Wind-Driven Circulation and the Ekman Balance
Teresa K. Chereskin
The atmosphere exchanges mass, energy, and momentum with the deep ocean through forced motions in the upper few hundred meters. The resulting ocean circulation redistributes these properties and thus plays an important role in determining global climate. The dynamics of energy and momentum transfer from wind to water, the formation of the surface mixed layer, and the transfer of energy and momentum through the surface mixed layer to the deep ocean are still not well understood. Quantitative testing of theories has proven very difficult, due in part to the technical challenge of making measurements in the harsh surface environment. Confirmation of one of the oldest theories of the wind-driven circulation (due to Ekman), and one on which ocean circulation models are based, eluded oceanographers until the last decade, although the success of Ekman's theory in predicting the dominant features of the circulation has long provided indirect confirmation (Chereskin and Price, 2001). One of the technological breakthroughs in direct confirmation of the Ekman balance was the ADCP: the shipboard ADCP in providing basin-integrals of Ekman transport and the moored ADCP in providing highly resolved profiles of current in the rugged surface regime.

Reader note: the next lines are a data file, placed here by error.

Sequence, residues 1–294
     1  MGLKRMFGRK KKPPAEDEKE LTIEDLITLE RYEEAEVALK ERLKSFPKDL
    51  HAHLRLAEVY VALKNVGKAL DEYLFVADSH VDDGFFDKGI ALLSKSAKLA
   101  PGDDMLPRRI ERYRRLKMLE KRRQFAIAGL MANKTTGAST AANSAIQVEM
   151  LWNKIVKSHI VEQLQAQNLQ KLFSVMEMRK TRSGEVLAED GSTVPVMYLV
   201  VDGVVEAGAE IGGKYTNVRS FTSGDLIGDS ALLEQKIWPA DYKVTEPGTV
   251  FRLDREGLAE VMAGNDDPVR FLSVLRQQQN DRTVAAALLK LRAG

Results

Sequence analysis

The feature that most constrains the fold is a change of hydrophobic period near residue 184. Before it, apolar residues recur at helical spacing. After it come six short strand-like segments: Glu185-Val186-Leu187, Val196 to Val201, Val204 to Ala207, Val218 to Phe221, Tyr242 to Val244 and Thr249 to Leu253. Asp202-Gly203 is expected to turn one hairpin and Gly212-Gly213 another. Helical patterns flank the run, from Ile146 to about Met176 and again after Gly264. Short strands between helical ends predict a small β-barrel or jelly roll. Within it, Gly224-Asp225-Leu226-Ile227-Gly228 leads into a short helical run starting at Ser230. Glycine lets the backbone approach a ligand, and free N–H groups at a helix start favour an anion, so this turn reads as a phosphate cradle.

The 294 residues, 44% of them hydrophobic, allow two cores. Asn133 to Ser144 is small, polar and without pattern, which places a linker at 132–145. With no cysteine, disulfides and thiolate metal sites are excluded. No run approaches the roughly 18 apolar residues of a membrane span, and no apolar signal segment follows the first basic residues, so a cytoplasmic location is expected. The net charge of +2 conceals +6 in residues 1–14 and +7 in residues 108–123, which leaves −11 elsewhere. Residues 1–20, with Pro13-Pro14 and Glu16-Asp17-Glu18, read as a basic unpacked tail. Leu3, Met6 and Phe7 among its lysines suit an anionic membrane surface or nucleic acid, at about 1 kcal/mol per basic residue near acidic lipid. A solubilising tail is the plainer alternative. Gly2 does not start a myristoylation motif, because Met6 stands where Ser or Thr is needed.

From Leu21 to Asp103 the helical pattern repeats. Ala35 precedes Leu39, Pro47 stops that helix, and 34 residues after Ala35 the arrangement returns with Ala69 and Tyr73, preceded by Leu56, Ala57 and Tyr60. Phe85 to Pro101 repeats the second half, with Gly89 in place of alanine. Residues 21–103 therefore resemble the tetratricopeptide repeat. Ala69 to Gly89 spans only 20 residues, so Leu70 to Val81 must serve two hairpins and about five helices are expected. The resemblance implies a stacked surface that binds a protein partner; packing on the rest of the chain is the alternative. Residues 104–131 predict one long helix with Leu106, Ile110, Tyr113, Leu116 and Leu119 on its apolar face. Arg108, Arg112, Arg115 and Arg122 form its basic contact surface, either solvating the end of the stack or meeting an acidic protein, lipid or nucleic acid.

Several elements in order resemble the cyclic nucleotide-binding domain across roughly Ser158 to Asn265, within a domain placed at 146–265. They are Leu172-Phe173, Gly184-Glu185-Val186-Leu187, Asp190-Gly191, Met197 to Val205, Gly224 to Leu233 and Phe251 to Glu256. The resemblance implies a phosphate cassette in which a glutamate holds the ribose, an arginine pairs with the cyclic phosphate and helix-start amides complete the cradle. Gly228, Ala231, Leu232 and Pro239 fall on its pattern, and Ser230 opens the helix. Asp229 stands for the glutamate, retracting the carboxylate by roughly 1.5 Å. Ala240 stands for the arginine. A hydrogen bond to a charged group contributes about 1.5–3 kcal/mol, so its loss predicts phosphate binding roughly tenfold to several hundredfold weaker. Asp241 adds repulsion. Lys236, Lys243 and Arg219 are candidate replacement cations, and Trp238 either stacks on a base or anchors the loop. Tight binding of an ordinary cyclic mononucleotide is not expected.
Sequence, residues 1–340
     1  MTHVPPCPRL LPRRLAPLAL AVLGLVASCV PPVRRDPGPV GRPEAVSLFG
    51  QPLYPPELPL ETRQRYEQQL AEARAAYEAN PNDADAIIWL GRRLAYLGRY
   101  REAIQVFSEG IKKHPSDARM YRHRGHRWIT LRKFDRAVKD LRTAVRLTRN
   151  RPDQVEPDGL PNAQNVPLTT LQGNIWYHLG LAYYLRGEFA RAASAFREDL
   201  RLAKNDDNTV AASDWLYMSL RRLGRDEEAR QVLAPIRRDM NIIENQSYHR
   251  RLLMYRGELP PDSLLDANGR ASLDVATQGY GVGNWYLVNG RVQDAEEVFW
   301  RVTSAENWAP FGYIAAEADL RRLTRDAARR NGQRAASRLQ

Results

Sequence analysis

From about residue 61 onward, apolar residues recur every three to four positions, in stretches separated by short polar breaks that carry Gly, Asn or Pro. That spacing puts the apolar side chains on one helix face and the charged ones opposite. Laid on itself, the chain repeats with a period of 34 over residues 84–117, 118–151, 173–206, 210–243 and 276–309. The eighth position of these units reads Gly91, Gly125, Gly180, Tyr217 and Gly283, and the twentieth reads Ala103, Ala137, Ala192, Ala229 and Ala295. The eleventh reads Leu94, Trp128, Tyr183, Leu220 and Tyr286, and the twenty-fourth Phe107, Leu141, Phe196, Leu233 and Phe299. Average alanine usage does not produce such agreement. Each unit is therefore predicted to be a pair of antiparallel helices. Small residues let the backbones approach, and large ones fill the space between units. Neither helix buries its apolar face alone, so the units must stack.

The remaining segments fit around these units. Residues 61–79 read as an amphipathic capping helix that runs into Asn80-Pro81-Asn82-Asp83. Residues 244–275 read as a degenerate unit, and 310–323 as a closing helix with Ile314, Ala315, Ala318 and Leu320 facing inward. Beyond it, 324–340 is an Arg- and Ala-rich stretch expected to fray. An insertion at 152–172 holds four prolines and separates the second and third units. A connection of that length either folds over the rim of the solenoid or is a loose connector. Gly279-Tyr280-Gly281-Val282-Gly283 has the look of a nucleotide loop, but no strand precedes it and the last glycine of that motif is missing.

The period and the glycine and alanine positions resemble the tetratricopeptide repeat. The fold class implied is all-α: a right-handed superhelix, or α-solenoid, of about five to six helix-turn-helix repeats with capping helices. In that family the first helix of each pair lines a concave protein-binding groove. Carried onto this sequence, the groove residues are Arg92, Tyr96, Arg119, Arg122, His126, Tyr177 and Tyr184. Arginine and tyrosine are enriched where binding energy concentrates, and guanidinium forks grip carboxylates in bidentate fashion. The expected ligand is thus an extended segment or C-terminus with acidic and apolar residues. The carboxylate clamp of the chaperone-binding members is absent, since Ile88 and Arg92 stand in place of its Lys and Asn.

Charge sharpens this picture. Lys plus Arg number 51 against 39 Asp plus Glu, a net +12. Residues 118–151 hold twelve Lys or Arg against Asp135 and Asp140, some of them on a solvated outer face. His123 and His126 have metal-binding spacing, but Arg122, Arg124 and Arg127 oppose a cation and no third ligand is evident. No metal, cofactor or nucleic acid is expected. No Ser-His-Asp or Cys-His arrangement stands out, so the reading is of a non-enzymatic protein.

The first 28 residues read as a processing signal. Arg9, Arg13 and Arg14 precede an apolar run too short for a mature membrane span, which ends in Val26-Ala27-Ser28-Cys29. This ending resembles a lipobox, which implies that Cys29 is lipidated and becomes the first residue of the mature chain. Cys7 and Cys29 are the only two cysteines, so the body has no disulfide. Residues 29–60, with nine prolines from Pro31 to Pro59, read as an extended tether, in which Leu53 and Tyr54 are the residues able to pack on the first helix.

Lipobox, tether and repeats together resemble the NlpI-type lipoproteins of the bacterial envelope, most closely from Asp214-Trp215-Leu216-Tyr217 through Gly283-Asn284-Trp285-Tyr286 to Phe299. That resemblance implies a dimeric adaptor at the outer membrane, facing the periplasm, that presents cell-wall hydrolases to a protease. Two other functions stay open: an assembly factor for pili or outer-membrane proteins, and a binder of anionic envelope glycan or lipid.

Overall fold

The Ekman transport calculation that Dean Roemmich and I made from our transect at 11°N in the Atlantic Ocean was the first quantitative estimate of basin-integrated Ekman transport based on measured velocities in the upper ocean (Chereskin and Roemmich, 1991). Our estimate agreed with that predicted by Ekman theory from wind. However, the measured flow revealed the vertical and horizontal structure of the wind-driven currents in addition to the net transport. We found that the wind-driven currents extended below the mixed layer to the top of the thermocline, and thus the Ekman heat transport was significantly less than that estimated assuming a constant mixed layer temperature and the net volume transport predicted by the wind. The deep penetration of the wind-driven flow at low latitude (to the top of the pycnocline) has now been observed from WOCE surveys in all three major oceans (Chereskin and Price, 2001). This deep penetration has its largest influence on the Ekman heat and salt transports in the Arabian Sea, despite being the smallest of the basins, because of the strong monsoon forcing (Chereskin et al., 1997).
Figure 1: Ship tracks and hydrographic station locations. Shown schematically, the southwest monsoon jet (SWMJ), the Somali current (SC), the Great Whirl (GW), and the Southern Gyre (SG). (From Chereskin et al., 1997)